We have organised three local councils in different parts of Ostrava and the council members are from both communities. We work for the empowerment of both communities. This might seem paradoxical, but, vis a vis local authorities and big private housing corporations, it is not only the Roma who are dismissed away. In the past two years we have managed to open two nursery schools, a social and legal advise bureau and three community centres in the Roma ghettos to offer a variety of services.
The community centres have programs mainly directed at children and youth- games and education.
We offer emergency shelter to families with nowhere to go especially in winter. We work with prisoners who have committed crimes due to poverty and support their early family reunion.
On special occasions we also invite local policemen to do some shared activity with the Roma youth and get to know them from a different perspective.
The centres provide employment to 10 Romany men and women.. The community centres have been partly supported by European Phare funds- administered by the Prague based Foundation for a Civic Society- and the British Know How Fund. In Autumn 2000, we completed the Model house project where all the eight Roma families living in a house repaired the interior of the house that they live in. The municipality, which provided the building material, has decided to support this program to cover other houses.
LifeTogether, together with Caritas, began a social-housing project called the Common Life Village- Vesnièka Sou.ití. The idea for the village was born when it became quite clear to the flooded Roma families, after more than a year of waiting, that the municipality was not sufficiently committed in keeping its promises for an early solution to the housing problem.
Last year, at a site not far from the street that looked like Beirut in 1997, the local bishop blessed the foundation stone for the village. Thirty families are now involved in the construction of their houses. It is fascinating to see the end to a period of hate and rejection. The Common Life Village express the faith of the Romas and Czechs that they can work and live together. This project is, among others, supported by the Czech government, and by several European non-governmental organisations.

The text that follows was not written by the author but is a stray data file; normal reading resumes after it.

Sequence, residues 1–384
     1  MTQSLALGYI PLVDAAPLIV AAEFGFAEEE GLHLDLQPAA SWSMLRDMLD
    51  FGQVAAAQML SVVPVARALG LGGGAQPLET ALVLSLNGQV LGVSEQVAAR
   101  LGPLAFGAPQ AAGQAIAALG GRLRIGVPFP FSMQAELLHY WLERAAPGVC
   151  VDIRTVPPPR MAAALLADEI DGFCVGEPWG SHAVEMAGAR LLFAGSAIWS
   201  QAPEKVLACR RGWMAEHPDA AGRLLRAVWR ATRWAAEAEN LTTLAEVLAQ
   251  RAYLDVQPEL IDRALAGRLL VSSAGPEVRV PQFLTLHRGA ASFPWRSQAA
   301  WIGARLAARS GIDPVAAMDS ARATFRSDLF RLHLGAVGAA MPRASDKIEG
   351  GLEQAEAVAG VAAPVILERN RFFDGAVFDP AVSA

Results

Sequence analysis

IV  The ideas underlying our work.

LifeTogether is widely known as a civic organisation that has helped, through community work, to combat intolerance and maintain social stability in parts of Ostrava. This may be true, although one never knows. However, we can only say that we are committed to respond to a range of problems as and when they appear. The problem of intolerance needs to be addressed at a local level. These are our basic strategies.
• To help improve the quality of life of the marginalized Roma families by offering a range of services.
• To identify the needs of both communities in gatherings and prioritise common problems
• To present both communities with opportunities for coming together in a non-threatening, friendly atmosphere and take part in some common activities. When individuals can meet in such a neutral platform, they often find ways to a new respectful relationship.
It is helpful, if as an outcome of these activities both communities are able to perceive some beneficial change.
• To empower both communities to solve their common problems in an atmosphere of mutual respect
• To present good outcomes to the wider public as facts. Such facts can counter widespread prejudices
• To avoid legal battles, although legal counselling is an important part of our work. To strive for a consensual solution to conflicts.

However, while working at a local level it is important to get the support and involvement of local authorities. But, sometimes it happens that local authorities just prefer to ignore or even wall awsituations are thus left to get out of control, relationships between the Roma and the Czechs can suffer. Right wing sympathies catch on. An increase of such cases might put young Czech democracy to risk.

I believe, it is crucial, at this stage, to propose mechanisms to stimulate the full participation of local authorities in solving the problems of marginalized communities. I believe, this is not just a local problem confined to Ostrava. This is a challenge that we face. How can we make local councils more responsible to ay the marginalized Roma together with their problems. When marginalised communities?